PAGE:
Countries scramble to aid ailing airlines

It's a sign of just how bad things are for airlines.

On Wednesday (March 18) Ryanair - Europe's biggest budget carrier - said it would ground almost all its planes from next week.

Just a handful of flights, mostly between the UK and Ireland, will continue.

The move comes as countries around the world are rushing to prop up airlines battered by the coronavirus outbreak.

On Wednesday EU transport ministers discussed whether to offer carriers tax relief.

Australia said it would waive or refund hundreds of millions of dollars in fees paid by airlines.

And Taiwan said air travel firms there could apply for subsidies and loans backdated to mid-January.

Those just the latest in a long list of interventions worldwide.

U.S. airlines have asked for $50 billion in grants and loans, plus tens of billions in tax relief.

In Scandinavia SAS has got over $300 million in credit guarantees from Sweden and Denmark.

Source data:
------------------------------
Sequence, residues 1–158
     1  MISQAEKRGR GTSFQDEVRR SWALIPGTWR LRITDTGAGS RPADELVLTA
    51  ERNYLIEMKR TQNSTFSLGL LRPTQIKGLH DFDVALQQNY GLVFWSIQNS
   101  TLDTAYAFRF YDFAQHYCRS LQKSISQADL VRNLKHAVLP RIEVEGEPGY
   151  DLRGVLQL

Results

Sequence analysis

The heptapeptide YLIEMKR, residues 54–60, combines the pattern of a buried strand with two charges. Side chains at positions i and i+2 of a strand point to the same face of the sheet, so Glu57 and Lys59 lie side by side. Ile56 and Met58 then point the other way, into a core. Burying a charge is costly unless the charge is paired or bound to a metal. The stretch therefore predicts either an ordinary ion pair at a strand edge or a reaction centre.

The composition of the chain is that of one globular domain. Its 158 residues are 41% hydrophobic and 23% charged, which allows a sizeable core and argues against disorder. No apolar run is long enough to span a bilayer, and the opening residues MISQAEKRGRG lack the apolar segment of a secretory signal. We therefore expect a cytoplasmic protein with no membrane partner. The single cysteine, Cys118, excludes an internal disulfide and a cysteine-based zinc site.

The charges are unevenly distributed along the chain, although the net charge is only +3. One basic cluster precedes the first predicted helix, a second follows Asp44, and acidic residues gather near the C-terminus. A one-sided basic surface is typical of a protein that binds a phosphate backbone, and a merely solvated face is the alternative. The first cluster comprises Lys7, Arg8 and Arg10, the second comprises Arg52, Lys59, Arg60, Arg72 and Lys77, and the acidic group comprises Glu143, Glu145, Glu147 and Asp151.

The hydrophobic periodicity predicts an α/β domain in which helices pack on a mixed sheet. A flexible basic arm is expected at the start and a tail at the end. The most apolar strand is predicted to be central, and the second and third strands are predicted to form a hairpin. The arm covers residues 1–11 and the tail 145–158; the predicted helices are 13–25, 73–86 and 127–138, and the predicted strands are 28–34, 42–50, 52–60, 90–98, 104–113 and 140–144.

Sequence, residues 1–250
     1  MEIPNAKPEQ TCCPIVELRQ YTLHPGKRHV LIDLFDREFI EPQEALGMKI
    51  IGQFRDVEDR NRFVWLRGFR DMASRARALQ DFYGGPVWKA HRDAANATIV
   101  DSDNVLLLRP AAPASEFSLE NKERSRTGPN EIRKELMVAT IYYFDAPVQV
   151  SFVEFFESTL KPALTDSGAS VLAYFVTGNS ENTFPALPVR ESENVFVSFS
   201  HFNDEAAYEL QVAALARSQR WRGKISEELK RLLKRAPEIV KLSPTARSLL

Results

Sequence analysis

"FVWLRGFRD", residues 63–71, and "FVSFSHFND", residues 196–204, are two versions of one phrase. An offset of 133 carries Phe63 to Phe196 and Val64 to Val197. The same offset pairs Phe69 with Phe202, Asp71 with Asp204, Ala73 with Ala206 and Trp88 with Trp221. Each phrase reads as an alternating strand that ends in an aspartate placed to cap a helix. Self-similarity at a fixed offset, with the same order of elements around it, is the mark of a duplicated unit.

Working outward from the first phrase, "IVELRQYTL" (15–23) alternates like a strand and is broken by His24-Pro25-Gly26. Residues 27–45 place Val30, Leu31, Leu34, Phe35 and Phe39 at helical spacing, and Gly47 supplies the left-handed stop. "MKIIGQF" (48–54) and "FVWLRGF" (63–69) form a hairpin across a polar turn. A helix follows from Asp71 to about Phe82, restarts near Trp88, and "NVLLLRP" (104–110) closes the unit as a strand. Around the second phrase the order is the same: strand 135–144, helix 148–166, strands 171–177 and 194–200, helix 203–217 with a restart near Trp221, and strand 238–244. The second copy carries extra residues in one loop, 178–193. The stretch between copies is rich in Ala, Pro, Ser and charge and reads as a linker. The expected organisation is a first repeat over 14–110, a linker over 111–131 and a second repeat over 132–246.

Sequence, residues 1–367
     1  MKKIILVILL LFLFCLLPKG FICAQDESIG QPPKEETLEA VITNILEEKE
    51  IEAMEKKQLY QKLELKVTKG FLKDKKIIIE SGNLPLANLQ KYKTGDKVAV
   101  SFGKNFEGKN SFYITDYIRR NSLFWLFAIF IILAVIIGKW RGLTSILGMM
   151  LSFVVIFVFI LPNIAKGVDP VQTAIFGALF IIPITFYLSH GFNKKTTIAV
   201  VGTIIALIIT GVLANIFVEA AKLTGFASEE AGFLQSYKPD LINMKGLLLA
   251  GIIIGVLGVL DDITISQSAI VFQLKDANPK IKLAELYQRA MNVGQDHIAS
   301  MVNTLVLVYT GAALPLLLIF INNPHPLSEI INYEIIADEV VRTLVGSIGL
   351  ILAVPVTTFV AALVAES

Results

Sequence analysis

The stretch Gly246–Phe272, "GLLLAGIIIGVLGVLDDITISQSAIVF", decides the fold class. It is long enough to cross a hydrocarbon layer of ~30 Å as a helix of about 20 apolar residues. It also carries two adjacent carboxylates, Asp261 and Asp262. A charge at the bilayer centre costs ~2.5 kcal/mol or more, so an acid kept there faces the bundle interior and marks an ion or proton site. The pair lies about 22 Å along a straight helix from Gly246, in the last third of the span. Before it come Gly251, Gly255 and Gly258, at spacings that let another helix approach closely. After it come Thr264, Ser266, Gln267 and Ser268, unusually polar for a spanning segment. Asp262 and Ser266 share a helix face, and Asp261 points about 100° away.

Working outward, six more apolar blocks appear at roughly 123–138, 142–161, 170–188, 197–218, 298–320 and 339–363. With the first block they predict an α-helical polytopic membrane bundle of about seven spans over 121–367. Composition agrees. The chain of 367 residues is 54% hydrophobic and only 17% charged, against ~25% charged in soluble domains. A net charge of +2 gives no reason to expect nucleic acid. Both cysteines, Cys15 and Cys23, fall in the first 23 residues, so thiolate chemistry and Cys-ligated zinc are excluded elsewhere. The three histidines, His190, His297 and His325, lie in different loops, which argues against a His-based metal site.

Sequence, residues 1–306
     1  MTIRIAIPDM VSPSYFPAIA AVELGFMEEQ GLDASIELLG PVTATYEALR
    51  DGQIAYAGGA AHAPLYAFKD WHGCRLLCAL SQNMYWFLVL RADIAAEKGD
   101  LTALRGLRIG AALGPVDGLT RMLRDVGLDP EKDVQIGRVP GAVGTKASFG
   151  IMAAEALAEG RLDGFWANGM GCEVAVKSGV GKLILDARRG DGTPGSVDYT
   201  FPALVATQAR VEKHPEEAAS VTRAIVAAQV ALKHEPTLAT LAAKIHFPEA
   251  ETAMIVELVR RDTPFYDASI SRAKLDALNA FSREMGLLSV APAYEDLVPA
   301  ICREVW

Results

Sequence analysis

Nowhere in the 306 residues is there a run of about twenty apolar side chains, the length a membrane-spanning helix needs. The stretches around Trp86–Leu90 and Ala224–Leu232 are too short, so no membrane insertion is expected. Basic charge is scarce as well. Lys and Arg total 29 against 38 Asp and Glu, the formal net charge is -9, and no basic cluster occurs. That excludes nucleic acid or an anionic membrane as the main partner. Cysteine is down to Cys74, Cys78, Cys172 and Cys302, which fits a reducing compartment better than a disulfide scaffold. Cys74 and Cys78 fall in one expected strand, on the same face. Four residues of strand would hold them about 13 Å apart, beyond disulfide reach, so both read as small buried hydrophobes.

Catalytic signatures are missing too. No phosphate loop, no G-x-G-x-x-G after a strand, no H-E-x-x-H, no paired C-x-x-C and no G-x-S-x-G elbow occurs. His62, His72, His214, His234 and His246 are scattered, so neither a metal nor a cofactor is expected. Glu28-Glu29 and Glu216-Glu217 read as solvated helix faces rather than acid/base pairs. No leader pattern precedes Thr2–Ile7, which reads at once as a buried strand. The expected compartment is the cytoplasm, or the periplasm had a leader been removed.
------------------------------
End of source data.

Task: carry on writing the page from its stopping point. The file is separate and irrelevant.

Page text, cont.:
Struggling Norwegian Air Shuttle is asking Oslo for something similar.

But even that kind of aid won't be enough for some.

Italy - Europe's worst-hit country - is taking control of Alitalia.

No big surprise, perhaps, when the company is a perennial lossmaker.

But experts fear much stronger airlines will fail.

The International Air Transport Association says the sector needs about $200 billion in assistance.

There is one bright spot though.

Fuel costs are tumbling, with U.S. crude futures sinking to 18-year lows on Wednesday.

That's not much help for airline bosses though, when their planes aren't flying.